It may be long overdue, but we are finally getting around to posting about the El Presidente cocktail. We mentioned this drink way back in November 2009 but never provided a recipe. That's because it was one in a list of several classics you could make with grenadine and we placed our focus on a homemade recipe for this wonderful syrup. It's been a while since we've touched on this ingredient, and even though the El Presidente contains just a tiny portion of the stuff, there are plenty of other great classics that employ pomegranate syrup to sublime effect. Of course, you have to use the real deal, not an artificially flavored bottle of corn syrup. It seems appropriate to briefly revisit the details.
The sad truth is that the most common store-bought brand of grenadine is excruciatingly bad for cocktails. It’s supposed to be a syrup based on real pomegranate juice with a hint of orange blossom, but today, we most often find a bottle of neon-red high fructose corn syrup loaded with artificial flavors. Fortunately, grenadine is one of the easiest cocktail ingredients to make and you can whip up a batch in about 5 minutes and use it to create some of our favorites like the Monkey Gland, Jack Rose, Twelve Mile Limit and many others.
If you want to juice your own pomegranate arils, by all means, follow this guide from an older post and make your grenadine completely from scratch using fresh fruit. The shortcut is much easier: Pick up 16-ounce bottle of POM Wonderful 100% Pomegranate Juice. It's available practically everywhere now, but make sure you aren’t getting the mixed variety that also has cherry juice, and check the date so you aren’t starting with an expired bottle. Hunt around for some Orange Blossom Water if you don’t already have it. Ethnic food stores often carry it, especially Middle-Eastern markets. Pour out half of the bottle of pomegranate juice leaving a cup of liquid in the bottle. Next, add a 1 and ¼ cups of sugar to the bottle using a funnel. Finally, add a teaspoon of orange blossom water. Cap the bottle tightly and shake it until the sugar dissolves. Refrigerated, homemade grenadine will last for weeks, but you can also add some vodka to the top as a preservative.
Once you have real grenadine, try making the El Presidente as follows:
1.5 oz white rum
.75 oz dry vermouth
.25 oz orange curaçao
.5 teaspoon real grenadine
Add to a mixing glass and stir with ice until chilled. Strain into a chilled cocktail glass and garnish with a lemon twist.
There's little doubt about the general origins of this drink but plenty of uncertainty surrounds the specifics. It likely comes from Cuba and was probably created in the mid-twenties during Prohibition. At that time, Havana was a popular destination for Americans seeking relief from restrictions of our Noble Experiment.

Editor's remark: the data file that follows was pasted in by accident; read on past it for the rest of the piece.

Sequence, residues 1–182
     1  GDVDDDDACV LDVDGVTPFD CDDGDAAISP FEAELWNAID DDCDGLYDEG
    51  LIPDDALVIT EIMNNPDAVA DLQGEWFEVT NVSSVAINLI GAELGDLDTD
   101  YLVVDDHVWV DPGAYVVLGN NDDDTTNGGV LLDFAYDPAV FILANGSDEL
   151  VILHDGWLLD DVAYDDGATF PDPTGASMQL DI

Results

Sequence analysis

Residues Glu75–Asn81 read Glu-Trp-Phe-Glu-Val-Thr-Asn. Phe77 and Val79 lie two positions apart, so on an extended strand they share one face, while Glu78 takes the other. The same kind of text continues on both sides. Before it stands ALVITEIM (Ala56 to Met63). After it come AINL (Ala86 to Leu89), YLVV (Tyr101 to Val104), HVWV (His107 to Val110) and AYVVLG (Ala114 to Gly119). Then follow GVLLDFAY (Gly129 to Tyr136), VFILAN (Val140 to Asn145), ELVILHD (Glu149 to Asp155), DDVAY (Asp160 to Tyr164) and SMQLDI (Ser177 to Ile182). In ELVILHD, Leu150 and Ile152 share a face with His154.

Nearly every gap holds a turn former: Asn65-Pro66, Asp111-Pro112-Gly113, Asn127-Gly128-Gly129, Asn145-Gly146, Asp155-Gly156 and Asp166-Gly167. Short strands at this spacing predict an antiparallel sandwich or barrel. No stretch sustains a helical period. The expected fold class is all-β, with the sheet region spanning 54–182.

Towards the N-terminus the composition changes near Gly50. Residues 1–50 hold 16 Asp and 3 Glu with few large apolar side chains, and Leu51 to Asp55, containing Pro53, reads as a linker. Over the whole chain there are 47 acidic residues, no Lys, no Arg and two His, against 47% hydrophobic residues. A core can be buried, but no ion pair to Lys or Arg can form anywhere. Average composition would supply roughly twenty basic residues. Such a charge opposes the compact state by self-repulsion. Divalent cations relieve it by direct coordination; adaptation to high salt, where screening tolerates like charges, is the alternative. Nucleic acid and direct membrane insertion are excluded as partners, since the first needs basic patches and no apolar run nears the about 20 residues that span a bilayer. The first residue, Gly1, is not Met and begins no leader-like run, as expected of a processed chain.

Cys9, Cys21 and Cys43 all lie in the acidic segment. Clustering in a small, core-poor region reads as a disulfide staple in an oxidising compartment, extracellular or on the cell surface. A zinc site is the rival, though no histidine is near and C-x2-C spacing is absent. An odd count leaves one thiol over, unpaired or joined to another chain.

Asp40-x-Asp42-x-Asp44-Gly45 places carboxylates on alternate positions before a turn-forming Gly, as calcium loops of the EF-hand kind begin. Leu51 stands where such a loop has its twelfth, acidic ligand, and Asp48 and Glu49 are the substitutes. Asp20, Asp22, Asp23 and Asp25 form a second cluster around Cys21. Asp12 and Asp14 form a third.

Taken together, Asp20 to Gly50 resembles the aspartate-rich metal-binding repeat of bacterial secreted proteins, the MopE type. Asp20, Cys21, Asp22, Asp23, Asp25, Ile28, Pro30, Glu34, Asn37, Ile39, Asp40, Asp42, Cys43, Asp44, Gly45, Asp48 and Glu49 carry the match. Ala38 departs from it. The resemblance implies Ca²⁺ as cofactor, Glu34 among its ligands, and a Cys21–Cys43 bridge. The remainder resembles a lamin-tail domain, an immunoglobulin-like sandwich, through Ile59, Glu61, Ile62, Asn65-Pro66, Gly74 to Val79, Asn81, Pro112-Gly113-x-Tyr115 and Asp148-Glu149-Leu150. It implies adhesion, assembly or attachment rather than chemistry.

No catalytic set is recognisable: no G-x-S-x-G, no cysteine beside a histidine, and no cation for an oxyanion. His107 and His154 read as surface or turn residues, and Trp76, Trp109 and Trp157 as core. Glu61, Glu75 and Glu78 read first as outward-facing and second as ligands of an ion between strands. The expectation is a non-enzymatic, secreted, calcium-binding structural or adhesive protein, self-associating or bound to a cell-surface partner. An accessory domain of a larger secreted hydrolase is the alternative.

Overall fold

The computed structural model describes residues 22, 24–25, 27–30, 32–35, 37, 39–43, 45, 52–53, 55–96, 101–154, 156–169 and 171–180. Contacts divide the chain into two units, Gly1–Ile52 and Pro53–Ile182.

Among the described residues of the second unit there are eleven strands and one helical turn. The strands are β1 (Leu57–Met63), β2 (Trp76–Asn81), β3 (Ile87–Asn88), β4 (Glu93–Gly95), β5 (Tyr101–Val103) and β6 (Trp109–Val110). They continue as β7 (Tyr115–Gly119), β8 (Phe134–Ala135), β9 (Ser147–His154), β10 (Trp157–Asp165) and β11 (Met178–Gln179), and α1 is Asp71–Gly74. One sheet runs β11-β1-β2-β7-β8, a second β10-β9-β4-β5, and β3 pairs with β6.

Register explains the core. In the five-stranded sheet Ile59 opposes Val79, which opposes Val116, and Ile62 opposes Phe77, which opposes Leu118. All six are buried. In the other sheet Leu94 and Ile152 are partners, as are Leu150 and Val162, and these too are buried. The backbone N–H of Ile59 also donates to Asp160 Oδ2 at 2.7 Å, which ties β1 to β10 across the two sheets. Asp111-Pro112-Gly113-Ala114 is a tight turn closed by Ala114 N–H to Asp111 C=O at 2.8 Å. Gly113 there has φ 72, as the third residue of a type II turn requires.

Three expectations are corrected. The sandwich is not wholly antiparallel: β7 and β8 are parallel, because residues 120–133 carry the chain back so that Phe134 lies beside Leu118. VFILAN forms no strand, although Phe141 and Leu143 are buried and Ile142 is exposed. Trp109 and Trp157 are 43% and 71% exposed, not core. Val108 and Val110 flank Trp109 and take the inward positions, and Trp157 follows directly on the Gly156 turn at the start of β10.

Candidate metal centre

Most recipes specify Puerto Rican white rum which is probably a more convenient substitute for the similar Cuban base spirit. Dry vermouth is, of course, the light-colored French variety, and orange curaçao is a liqueur made using orange peels. Finally, our grenadine appears not as a feature but as a secondary flavoring component. The original recipe calls for a 2:1:1 ratio of the main ingredients, but over the past several years we have seen this recipe shift somewhat.
The change most often referenced is a reduction in the amount of curaçao. The orange liqueur may not be as potent as triple sec, but its flavor can easily dominate with a risk that the cocktail will become overly sweet. So, rather than adding the classic amount, the best versions of this drink specify a significant reduction of sweet orange giving the other components a chance to show off. That's how we've documented the recipe above, but feel free to experiment. Achieving the right balance will reveal the other flavors nicely, but it only works if you use a decent vermouth, and for most of us that means a fresh bottle.
Some swear by the quality and flavor of Noilly Prat while others suggest that only Dolin Blanc, with its touch of sweetness, yields a compelling result. In truth, variation of brands is what makes this cocktail so intriguing. It's not a recipe that requires fresh juice which makes it convenient and easy. Selecting an aged rum from various islands can steer you in several directions resulting in a bewildering number of interesting endpoints. Your El Presidente may be different than ours, but successful execution should allow you to taste the nuances of your rum, the botanicals of the vermouth, the sweet orange and just a hint of fruit from the grenadine—all without tasting an excess of sugar. When it's good, it's very good, despite this being a rum cocktail without citrus.